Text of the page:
The effect of single-pulse transcranial magnetic stimulation and peripheral nerve stimulation on complexity of EMG signal: Fractal analysis

M. Cukic, J. Oommen, D. Mutavdzic, N. Jorgovanovic, M. Ljubisavljevic

Research output: Contribution to journalArticlepeer-review

10 Citations (Scopus)

Abstract

The aim of this study was to examine whether single-pulse transcranial magnetic stimulation (spTMS) affects the pattern of corticospinal activity once voluntary drive has been restored after spTMS-induced EMG silence. We used fractal dimension (FD) to explore the 'complexity' of the electromyography (EMG) signal, and median frequency of the spectra (MDF) to examine changes in EMG spectral characteristics. FD and MDF of the raw EMG epochs immediately before were compared with those obtained from epochs after the EMG silence. Changes in FD and MDF after spTMS were examined with three levels of muscle contraction corresponding to weak (20-40 %), moderate (40-60 %) and strong (60-80 % of maximal voluntary contraction) and three intensities of stimulation set at 10, 20 and 30 % above the resting motor threshold. FD was calculated using the Higuchi fractal dimension algorithm. Finally, to discern the origin of FD changes between the CNS and muscle, we compared the effects of spTMS with the effects of peripheral nerve stimulation (PNS) on FD and MDF. The results show that spTMS induced significant decrease in both FD and MDF of EMG signal after stimulation. PNS did not have any significant effects on FD nor MDF. Changes in TMS intensity did not have any significant effect on FD or MDF after stimulation nor had the strength of muscle contraction. However, increase in contraction strength decreased FD before stimulation but only between weak and moderate contraction. The results suggest that the effects of spTMS on corticospinal activity, underlying voluntary motor output, outlast the TMS stimulus. It appears that the complexity of the EMG signal is reduced after spTMS, suggesting that TMS alters the dynamics of the ongoing corticospinal activity most likely temporarily synchronizing the neural network activity. Further studies are needed to confirm whether observed changes after TMS occur at the cortical level.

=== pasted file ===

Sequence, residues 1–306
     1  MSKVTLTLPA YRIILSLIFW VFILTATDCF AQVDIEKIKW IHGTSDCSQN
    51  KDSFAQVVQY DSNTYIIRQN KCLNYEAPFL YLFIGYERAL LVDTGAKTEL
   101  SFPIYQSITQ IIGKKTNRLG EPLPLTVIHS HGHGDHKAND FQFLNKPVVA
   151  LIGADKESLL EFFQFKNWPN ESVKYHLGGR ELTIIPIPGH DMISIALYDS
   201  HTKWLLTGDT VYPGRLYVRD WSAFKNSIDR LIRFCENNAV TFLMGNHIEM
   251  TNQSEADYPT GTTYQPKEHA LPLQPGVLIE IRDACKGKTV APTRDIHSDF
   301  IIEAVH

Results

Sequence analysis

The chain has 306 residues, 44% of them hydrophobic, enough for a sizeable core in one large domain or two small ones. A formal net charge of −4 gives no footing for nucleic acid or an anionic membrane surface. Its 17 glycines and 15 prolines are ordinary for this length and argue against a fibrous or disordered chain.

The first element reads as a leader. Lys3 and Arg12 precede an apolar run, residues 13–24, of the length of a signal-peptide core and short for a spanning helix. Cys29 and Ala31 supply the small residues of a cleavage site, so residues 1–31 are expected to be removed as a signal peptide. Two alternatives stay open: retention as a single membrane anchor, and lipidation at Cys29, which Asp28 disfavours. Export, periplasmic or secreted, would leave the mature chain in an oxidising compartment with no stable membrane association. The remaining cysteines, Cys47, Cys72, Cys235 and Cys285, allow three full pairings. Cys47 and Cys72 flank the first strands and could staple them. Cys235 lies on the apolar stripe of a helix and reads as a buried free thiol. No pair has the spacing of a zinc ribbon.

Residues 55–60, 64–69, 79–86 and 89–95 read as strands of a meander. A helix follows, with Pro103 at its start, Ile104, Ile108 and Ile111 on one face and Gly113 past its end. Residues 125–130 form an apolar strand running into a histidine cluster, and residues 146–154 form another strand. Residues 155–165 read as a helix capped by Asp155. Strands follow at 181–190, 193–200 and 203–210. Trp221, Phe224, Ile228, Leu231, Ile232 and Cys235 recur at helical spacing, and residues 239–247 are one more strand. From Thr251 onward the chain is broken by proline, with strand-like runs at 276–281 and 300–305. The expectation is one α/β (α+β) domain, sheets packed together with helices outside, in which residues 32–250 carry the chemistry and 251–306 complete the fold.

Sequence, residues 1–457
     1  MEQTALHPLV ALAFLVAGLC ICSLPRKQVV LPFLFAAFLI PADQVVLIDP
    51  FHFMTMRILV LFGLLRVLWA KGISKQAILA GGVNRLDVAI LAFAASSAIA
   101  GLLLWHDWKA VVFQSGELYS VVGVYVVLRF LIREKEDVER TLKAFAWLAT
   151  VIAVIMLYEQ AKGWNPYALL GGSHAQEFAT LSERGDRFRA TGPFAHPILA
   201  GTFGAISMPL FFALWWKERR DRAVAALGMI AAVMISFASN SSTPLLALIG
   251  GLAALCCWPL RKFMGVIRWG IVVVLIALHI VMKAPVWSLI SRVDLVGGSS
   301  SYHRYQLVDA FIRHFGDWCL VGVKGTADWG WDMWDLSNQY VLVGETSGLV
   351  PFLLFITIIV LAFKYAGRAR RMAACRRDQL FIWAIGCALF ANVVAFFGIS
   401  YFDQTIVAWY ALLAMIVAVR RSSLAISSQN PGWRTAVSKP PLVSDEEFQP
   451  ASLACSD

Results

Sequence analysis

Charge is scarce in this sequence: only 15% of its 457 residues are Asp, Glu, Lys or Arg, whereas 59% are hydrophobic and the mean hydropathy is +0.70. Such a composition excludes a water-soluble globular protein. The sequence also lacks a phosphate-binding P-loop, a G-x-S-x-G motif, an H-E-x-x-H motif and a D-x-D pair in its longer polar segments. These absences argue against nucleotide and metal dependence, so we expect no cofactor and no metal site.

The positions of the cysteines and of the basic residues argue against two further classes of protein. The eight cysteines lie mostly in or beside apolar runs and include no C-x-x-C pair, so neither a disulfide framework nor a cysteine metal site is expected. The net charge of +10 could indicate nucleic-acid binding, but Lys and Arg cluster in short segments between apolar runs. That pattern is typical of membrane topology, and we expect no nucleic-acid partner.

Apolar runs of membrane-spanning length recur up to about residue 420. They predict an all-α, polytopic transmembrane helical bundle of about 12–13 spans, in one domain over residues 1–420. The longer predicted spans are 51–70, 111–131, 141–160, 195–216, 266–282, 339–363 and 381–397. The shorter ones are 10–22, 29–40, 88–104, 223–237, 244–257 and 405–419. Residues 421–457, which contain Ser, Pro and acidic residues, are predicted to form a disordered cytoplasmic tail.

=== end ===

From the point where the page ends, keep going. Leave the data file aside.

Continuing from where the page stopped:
Original languageEnglish
Pages (from-to)97-104
Number of pages8
JournalExperimental Brain Research
Volume228
Issue number1
DOIs
Publication statusPublished - Jul 2013

Keywords

  • Complexity
  • EMG
  • Fractal dimension
  • Peripheral nerve stimulation
  • TMS

ASJC Scopus subject areas

  • Neuroscience(all)

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